After 6 years of being an Apple Fanboi, I’m finally starting the Great Migration from the Apple iPhone. After reviewing the current crop of the latest and greatest, I’ve put my coin down on the Google Nexus 4.
Why Go with the Google Nexus 4
- Maps for iOS6. It was the consistently terrible map experience that cinched the deal for the Great Migration — a map was one of the top 3 reasons I purchased my first smartphone in 2001. I travel a lot to “remote” destinations (e.g., not one of the top 10 metro cities in the US). Apparently, the map database for Apple wasn’t expecting that.
- Google for Domains Integration: My online life (let alone career path) centers around the tools provided by Google — Search, Email, Calendar, Tasks, Map. It only makes sense that I adopt a device that best integrates with these online services.
- Price: $300 for 8GB and $350 for the 16GB with no contract (unlocked)? If but for that reason alone, the Nexus has set the charge that technical quality can be delivered at a far lower price than what the other’s have provided to date. Apple might have to dig into it’s $117B in cash reserves and $8.2B in quarterly profit.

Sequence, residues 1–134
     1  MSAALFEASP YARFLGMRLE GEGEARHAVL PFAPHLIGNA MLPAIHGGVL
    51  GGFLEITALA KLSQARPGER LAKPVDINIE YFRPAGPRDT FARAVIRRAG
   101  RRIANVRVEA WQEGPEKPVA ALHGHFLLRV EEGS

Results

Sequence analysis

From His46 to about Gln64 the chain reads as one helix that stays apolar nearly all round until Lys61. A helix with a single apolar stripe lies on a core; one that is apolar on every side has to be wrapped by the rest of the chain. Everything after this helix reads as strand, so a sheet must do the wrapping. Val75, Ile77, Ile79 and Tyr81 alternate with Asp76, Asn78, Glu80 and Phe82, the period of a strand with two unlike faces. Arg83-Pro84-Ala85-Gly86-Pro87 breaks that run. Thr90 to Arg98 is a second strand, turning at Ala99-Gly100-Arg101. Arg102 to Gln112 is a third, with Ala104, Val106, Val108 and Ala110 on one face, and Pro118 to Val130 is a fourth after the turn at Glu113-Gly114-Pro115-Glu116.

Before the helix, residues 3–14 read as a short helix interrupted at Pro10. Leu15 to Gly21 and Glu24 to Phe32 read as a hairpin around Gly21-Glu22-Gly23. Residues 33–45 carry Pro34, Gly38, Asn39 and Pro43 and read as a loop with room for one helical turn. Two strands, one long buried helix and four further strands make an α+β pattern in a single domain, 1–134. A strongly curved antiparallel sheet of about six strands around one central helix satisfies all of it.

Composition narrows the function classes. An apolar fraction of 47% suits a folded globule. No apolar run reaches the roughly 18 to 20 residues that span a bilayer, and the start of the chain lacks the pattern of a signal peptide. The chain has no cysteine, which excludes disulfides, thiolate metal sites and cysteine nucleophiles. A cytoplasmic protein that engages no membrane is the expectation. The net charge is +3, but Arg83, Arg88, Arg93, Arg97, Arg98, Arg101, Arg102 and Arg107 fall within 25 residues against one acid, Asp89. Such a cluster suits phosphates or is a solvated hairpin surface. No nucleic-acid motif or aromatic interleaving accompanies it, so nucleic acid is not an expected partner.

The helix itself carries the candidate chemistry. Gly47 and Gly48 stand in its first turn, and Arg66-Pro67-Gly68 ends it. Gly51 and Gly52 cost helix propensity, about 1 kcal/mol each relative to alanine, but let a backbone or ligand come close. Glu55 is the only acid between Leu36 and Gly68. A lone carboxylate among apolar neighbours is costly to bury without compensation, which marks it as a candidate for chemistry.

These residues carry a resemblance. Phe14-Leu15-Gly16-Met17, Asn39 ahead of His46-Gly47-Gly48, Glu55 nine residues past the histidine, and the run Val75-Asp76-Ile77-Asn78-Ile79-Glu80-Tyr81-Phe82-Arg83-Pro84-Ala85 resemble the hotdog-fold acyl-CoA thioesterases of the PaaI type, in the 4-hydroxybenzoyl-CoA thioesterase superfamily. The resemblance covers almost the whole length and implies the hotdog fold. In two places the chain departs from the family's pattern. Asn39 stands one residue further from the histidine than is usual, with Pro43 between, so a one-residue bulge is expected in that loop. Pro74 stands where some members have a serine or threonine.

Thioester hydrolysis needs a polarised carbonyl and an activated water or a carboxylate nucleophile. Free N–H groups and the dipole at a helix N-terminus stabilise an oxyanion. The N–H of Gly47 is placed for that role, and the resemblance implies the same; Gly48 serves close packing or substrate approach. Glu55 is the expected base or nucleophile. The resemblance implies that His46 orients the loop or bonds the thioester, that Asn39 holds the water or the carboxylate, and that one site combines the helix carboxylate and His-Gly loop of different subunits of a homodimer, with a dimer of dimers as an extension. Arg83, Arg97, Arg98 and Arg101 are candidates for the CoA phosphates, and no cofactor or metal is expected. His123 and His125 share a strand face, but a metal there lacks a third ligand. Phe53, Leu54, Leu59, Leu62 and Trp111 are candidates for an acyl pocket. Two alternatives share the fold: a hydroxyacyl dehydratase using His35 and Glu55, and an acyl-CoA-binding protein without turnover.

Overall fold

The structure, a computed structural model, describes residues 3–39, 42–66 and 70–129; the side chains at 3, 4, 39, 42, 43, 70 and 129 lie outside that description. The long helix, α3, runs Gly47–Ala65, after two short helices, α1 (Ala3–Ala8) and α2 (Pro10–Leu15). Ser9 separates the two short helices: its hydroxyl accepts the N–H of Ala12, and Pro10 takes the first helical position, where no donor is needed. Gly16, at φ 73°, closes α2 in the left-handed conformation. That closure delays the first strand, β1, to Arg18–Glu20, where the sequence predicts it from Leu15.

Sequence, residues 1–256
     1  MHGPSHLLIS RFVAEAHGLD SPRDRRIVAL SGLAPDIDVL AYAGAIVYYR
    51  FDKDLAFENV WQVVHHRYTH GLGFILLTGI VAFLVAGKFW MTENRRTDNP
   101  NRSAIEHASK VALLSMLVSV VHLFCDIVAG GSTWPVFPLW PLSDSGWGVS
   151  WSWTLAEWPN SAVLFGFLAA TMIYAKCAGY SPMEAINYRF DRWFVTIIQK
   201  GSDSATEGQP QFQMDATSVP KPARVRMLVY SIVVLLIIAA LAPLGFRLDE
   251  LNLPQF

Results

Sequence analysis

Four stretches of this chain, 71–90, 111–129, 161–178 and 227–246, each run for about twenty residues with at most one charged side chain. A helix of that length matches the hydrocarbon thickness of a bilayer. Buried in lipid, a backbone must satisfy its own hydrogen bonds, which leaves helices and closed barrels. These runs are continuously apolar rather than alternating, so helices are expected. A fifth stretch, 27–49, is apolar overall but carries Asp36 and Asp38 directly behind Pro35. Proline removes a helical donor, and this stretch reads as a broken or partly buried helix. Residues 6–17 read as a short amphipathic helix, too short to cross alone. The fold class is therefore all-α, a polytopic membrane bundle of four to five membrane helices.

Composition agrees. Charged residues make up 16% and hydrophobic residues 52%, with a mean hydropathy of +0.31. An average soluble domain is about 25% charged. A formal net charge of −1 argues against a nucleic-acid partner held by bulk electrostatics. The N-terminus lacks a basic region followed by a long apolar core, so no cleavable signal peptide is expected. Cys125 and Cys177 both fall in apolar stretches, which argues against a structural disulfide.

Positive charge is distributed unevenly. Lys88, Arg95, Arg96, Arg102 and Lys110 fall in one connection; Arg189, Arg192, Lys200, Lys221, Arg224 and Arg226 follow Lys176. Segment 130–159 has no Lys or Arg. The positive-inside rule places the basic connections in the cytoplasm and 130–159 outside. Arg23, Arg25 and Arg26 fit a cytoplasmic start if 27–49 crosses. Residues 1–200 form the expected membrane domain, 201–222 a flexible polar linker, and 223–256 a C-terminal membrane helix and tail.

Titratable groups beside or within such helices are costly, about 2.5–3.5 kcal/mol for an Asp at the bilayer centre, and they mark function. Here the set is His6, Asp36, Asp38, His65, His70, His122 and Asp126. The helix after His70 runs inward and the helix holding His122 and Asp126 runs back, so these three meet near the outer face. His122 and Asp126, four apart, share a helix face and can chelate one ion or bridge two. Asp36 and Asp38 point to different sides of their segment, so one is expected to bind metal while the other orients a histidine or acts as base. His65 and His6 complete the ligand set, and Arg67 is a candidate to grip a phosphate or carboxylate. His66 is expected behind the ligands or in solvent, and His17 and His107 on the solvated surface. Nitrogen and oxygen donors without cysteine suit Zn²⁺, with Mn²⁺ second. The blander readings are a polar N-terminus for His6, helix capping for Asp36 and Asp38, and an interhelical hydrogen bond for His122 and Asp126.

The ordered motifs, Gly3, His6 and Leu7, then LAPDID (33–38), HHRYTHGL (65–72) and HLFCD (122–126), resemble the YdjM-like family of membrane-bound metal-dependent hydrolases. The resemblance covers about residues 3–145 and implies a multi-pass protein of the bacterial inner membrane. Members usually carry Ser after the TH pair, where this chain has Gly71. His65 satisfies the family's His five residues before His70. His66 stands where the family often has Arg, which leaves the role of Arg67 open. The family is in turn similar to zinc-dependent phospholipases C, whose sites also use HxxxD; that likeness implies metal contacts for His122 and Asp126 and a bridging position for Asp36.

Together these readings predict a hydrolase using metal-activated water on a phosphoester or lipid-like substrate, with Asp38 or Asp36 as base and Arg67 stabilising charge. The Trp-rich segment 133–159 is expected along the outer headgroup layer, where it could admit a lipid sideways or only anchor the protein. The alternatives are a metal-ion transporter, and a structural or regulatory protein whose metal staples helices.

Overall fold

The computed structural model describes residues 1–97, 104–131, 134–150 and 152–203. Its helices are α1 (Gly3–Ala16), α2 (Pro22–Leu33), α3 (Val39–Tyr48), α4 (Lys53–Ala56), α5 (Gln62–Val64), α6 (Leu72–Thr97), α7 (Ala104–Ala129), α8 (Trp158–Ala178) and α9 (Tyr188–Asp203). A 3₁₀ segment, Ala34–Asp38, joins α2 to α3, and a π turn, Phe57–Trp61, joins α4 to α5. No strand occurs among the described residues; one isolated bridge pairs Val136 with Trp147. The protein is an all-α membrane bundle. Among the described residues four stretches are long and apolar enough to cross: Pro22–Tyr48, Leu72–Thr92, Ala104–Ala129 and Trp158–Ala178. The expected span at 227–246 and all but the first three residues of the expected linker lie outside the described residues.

- Screen: I think I’m ready for a larger display. The iPhone 5 is still one of the smallest. The Nexus’ 4.7″ display seems like a reasonable step-up.
- Battery: Watching my iPhone 5 friends constantly looking for juice is a real-life sitcom. Because the Nexus 4 doesn’t have a “4G” LTE connection, the battery will theoretically last longer.
- New Features — Google Now, Knowledge Graph, Google Wallet: I don’t know what to expect with these two new smartphone features, but they sound revolutionary (and not just “we-acquired-a-company-and-called-it-Siri” revolutionary, either).
Why Stay with the iPhone
- Beauty: The iPhone is a work of art, that is in my opinion of the great technical revolutions of the past decade. It will be in the MOMA, if it isn’t already.
- Apps: I’m giving up access to paying for hundreds of thousands of apps, even if I only have about 10 that I ever even use. I’ll be ok, I think.
- LTE: The Nexus doesn’t have the guts to support this faster “4G” data transfer speed. I may not have the fastest data speeds, but I haven’t had a problem with the speeds to date. Then again, maybe I don’t know what I’m missing…
So, the wait begins. I’ll provide a review and update in 6-7 weeks once I receive the Nexus 4 in the mail.